Cavitation is hard to avoid, but once it has occurred plants have a range of mechanisms to contain the damage. Small pits link adjacent conduits to allow fluid to flow between them, but not air – although ironically these pits, which prevent the spread of embolisms, are also a major cause of them. These pitted surfaces further reduce the flow of water through the xylem by as much as 30%. Conifers, by the Jurassic, developed an ingenious improvement, using valve-like structures to isolate cavitated elements. These torus-margo structures have a blob floating in the middle of a donut; when one side depressurises the blob is sucked into the torus and blocks further flow. Other plants simply accept cavitation; for instance, oaks grow a ring of wide vessels at the start of each spring, none of which survive the winter frosts. Maples use root pressure each spring to force sap upwards from the roots, squeezing out any air bubbles.
Growing to height also employed another trait of tracheids – the support offered by their lignified walls. Defunct tracheids were retained to form a strong, woody stem, produced in most instances by a secondary xylem. However, in early plants, tracheids were too mechanically vulnerable, and retained a central position, with a layer of tough sclerenchyma on the outer rim of the stems. Even when tracheids do take a structural role, they are supported by sclerenchymatic tissue.
Tracheids end with walls, which impose a great deal of resistance on flow; vessel members have perforated end walls, and are arranged in series to operate as if they were one continuous vessel. The function of end walls, which were the default state in the Devonian, was probably to avoid embolisms. An embolism is where an air bubble is created in a tracheid. This may happen as a result of freezing, or by gases dissolving out of solution. Once an embolism is formed, it usually cannot be removed (but see later); the affected cell cannot pull water up, and is rendered useless.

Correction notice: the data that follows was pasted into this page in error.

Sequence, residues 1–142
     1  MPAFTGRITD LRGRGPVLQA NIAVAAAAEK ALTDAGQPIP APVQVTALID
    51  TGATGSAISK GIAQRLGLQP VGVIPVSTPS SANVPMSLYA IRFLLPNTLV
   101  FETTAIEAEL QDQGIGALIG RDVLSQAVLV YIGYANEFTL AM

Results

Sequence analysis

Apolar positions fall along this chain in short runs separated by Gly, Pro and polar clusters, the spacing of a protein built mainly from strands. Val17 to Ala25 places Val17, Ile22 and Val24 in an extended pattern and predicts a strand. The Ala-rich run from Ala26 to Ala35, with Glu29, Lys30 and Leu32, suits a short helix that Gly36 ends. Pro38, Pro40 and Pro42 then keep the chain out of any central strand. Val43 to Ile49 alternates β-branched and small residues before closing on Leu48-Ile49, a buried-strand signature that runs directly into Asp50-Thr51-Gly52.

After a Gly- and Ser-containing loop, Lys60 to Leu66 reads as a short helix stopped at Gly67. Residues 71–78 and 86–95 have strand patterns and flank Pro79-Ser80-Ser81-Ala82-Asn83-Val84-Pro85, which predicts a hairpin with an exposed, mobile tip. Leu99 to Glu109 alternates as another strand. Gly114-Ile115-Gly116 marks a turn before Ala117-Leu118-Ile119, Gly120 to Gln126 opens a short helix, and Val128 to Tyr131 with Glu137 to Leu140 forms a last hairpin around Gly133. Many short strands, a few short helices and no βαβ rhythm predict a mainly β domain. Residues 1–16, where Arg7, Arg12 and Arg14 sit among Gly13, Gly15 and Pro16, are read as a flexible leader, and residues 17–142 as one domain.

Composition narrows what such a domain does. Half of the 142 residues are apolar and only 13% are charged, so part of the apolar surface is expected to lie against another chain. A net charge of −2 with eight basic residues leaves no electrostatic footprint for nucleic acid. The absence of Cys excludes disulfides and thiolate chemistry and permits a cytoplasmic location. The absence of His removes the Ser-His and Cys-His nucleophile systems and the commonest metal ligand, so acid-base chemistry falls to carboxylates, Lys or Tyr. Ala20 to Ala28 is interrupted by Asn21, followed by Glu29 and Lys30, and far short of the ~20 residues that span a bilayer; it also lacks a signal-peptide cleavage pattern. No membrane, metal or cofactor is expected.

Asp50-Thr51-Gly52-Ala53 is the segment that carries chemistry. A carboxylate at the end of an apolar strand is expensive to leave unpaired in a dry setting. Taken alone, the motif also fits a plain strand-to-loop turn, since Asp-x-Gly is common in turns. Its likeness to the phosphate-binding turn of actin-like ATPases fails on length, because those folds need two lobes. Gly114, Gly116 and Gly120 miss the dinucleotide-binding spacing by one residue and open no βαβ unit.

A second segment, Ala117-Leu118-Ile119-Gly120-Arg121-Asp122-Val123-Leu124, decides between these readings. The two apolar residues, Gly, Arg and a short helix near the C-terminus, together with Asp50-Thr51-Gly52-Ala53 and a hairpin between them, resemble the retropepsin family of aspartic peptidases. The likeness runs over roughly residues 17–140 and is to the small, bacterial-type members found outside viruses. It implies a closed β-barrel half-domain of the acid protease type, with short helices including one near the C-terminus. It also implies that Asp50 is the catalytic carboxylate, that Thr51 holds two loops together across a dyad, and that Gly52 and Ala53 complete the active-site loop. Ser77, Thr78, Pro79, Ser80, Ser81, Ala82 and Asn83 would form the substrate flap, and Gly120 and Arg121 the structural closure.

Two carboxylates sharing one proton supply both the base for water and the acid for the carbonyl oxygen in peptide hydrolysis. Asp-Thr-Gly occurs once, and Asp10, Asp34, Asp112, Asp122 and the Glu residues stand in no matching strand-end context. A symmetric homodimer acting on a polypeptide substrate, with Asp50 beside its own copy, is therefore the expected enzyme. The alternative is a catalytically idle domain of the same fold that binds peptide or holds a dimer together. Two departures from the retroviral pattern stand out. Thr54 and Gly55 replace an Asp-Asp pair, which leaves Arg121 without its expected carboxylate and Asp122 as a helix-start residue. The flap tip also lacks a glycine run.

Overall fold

End walls excluded, the tracheids of prevascular plants were able to operate under the same hydraulic conductivity as those of the first vascular plant, Cooksonia.
The size of tracheids is limited as they comprise a single cell; this limits their length, which in turn limits their maximum useful diameter to 80 μm. Conductivity grows with the fourth power of diameter, so increased diameter has huge rewards; vessel elements, consisting of a number of cells, joined at their ends, overcame this limit and allowed larger tubes to form, reaching diameters of up to 500 μm, and lengths of up to 10 m.
Vessels first evolved during the dry, low CO2 periods of the late Permian, in the horsetails, ferns and Selaginellales independently, and later appeared in the mid Cretaceous in angiosperms and gnetophytes. Vessels allow the same cross-sectional area of wood to transport around a hundred times more water than tracheids! This allowed plants to fill more of their stems with structural fibres, and also opened a new niche to vines, which could transport water without being as thick as the tree they grew on. Despite these advantages, tracheid-based wood is a lot lighter, thus cheaper to make, as vessels need to be much more reinforced to avoid cavitation.